Table 1 Recovery and valid questionnaires

Most students had heard of MIH (Table 2), and we found no significant difference between undergraduate and postgraduate students in this aspect (p > 0.05). Moreover, most students had heard about MIH in more than one context. As shown in Table 3, the most common source was classroom teaching, followed by clinical practice, lectures, journal articles, and other sources. Some students (39%) had observed MIH clinically. The proportions of students who had observed MIH clinically were significantly different among the different academic levels (p < 0.05). However, only 66 students (25%) were confident in identifying MIH, and the professed ability to identify MIH was significantly different among the different academic levels (p < 0.05). Few students knew the diagnostic principles of MIH. The proportions of students who knew the diagnostic principles of MIH were significantly different between academic levels (p < 0.05). All of the aetiologies of MIH (i.e., genetic factors, pregnancy and postnatal factors, drug factors, environment factors) were known by only 93 students (35%). Most students believed that the prevalence of MIH was less than 15%.

Table 2 Source of MIH knowledge and oral professional knowledge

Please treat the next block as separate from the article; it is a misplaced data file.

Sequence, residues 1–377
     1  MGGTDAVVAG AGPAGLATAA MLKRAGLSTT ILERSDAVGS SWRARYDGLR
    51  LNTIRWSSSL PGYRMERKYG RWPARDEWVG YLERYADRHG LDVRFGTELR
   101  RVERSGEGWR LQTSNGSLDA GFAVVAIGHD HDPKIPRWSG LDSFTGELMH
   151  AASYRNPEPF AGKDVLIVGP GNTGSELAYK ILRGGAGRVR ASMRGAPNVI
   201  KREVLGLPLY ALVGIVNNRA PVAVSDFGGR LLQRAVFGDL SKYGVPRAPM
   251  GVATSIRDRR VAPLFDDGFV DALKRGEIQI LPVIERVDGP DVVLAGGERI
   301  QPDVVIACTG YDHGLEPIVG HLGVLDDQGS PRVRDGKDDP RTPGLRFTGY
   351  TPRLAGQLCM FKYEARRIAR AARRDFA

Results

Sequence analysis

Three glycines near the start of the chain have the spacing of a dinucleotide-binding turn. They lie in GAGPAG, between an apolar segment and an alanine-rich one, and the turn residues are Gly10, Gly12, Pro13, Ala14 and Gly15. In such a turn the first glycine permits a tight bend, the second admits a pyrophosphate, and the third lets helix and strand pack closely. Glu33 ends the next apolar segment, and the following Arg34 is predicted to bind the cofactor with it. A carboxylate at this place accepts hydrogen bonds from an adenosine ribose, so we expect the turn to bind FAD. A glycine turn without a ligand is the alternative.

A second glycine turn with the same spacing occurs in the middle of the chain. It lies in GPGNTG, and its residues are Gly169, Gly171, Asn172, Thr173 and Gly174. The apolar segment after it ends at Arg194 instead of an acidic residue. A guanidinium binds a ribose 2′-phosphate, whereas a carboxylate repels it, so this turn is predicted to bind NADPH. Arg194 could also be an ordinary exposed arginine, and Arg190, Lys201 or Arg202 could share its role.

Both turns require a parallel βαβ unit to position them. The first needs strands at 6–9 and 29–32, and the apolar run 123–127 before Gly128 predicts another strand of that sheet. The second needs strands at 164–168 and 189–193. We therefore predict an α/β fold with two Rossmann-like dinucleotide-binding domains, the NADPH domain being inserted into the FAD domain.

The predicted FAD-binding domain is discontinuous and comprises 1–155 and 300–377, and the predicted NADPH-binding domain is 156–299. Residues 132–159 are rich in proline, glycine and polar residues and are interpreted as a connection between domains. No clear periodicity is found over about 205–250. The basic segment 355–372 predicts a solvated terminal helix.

Table 3 Students’ responses about the aetiology, diagnosis and prevalence of MIH

Only 3% of respondents had performed an MIH treatment (Table 3). Among these students, most were more inclined to use a pit and fissure seal, instead of a fluoride varnish, for teeth mildly damaged by MIH. However, for teeth affected by MIH with moderate to severe dentin sensitivity but no pulp symptoms, no treatment was favoured significantly over the other choices.

Among the respondents who had observed MIH clinically, most (63%) were confident in distinguishing MIH from dental fluorosis, dentin hypoplasia, and other developmental dental diseases (Table 4). The rate of observing MIH clinically was 13%. The probability that students would encounter MIH clinically at frequencies of once per week, once per month, once per 6 months, once per year, and once per > 1 year were 13%, 34%, 38%, 7%, and 10%, respectively.

Table 4 Clinical experience of MIH

The vast majority of students (90%) thought it was necessary to add MIH to the curriculum for future systematic teaching (Table 2). They felt that the most desirable aspects to learn were the clinical manifestations, differential diagnosis, and treatment methods. The most important ways to learn this knowledge were thought to be from textbooks, the literature, the internet, and lectures.